People wearing masks on bus.

Flaws in the Textualist Argument Against the CDC Mask Mandate

By Stefan Th. Gries, Michael Kranzlein, Nathan Schneider, Brian Slocum, and Kevin Tobia

In Health Freedom Defense Fund, Inc. v. Biden, the United States District Court for the Middle District of Florida ruled that the U.S. Centers for Disease Control and Prevention’s transit mask order, which was issued to stem the spread of SARS-CoV-2, exceeds the agency’s statutory authority, and struck down the mandate through a nation-wide injunction.

The district court’s reasoning exemplifies modern textualism. It focuses on the text of the 1944 Public Health Services Act (PHSA), which the Biden Administration claims authorizes the CDC’s transit mask order. The court relied heavily on the statute’s “ordinary meaning” and especially one word: “sanitation.”

Does the evidence support the court’s linguistic conclusions? Our team — of linguists, social scientists, philosophers of language, and lawyers — took a second look. We conclude that the district court’s approach fails on its own textualist terms. It gives the impression of selective reading of the linguistic record, rather than the careful investigation of meaning that textualism claims to champion.

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Brooklyn, New York, United States - JUNE 13 2021: Protest in Brooklyn, NY for trans youth rights.

Misleading, Coercive Language in Bills Barring Trans Youth Access to Gender Affirming Care

By Arisa R. Marshall

On Friday, a federal judge temporarily enjoined part of a new Alabama law that would make it a felony for physicians to provide gender-affirming care to trans youth. The law had been in effect for less than a week.

This is only the most recent development relating to a raft of anti-trans legislation sweeping the country. More than twenty bills that would impose life-changing healthcare restrictions on transgender children have been introduced in statehouses nationwide over the past two years, threatening the wellbeing of transgender youth and communities. Most of these bills aim to entirely ban gender-affirming medical care for minors, including surgeries, prescription puberty blockers, and hormone replacement therapies.

These laws are detrimental to the mental, physical, and social health of children. They are dismissive of the experiences of transgender children and teenagers, misleading, and manipulative.

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woman with iv in her hand in hospital. Labor and delivery preparation. Intravenious therapy infusion. shallow depth of field. selective focus

A Birthmother Reflects: The Perpetuation of Adoption Myths

By Angie Swanson-Kyriaco

During opening remarks for Dobbs vs. Jackson Women’s Health Organization on December 1, 2021, Justice Amy Coney Barrett stated that the “obligations of motherhood that flow from pregnancy” and the “burden” of parenting are eliminated through adoption.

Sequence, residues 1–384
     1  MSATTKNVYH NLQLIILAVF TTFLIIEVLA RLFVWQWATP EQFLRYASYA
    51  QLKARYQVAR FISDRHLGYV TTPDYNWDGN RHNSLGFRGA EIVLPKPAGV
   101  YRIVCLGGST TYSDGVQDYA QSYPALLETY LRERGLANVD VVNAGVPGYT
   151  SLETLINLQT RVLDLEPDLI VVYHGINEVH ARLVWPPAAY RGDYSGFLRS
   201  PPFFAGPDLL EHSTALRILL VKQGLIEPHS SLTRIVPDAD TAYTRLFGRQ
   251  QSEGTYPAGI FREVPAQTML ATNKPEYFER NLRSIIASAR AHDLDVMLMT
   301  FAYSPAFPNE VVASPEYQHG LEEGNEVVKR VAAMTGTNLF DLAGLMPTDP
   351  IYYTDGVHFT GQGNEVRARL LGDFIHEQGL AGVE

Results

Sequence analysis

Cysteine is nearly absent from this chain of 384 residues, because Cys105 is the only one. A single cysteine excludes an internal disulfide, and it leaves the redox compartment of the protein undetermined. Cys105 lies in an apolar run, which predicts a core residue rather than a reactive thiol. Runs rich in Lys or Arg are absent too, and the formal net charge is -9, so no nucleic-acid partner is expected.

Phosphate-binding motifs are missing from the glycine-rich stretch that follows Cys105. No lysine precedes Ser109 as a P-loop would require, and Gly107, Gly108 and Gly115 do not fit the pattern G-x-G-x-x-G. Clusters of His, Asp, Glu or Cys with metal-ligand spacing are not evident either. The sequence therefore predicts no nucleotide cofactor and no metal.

It is no surprise that a conservative, anti-abortion, adoptive parent would have an over-simplified opinion about adoption, expectant parents, and birth parents. In her remarks, Justice Coney Barrett demonstrated a common lack of understanding about the complexities of adoption, and a blithe unawareness about adoption ethics and the need for adoption reform.

As someone who worked for over a decade in the field of reproductive health and rights, and now as the executive director of one of the only nonprofit organizations in the country that exclusively serves first/birth mothers who have relinquished infants for adoption, I know both how detrimental the lack of access to abortion can be, and how significant the lifelong impact of an adoption can prove.

And, as a first/birthmother, I have a deep personal understanding of the significant trauma of placing my own child for adoption, and the lifelong grief and ambiguous loss that follows relinquishment. 

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Lexington, Kentucky / United States - 06 28 2020: Fire Station 22 in Lexington, Kentucky in the early morning idle hours.

Safe Haven Laws and Anti-Abortion Politics

By Laury Oaks

During the Supreme Court oral arguments for Dobbs v. Jackson Women’s Health, Justice Amy Coney Barrett acknowledged that previous cases addressing abortion rights relied on a consideration of the burden of parenting and forced motherhood. For Justice Coney Barrett, this consideration was a non sequitur: “Why don’t safe haven laws take care of that problem?”

The so-called “safe haven” laws to which Justice Coney Barrett was referring were passed in every state from 1999 to 2009, to designate places where or people to whom an unharmed baby may be legally and anonymously relinquished and then adopted. A Florida safe haven advocacy group argues, “Safe Haven babies are given a chance for a future. A Safe Haven baby might become the President of the United States, a Supreme Court Justice, a scientist finding a cure for cancer or most important, a great mom or dad to their children.”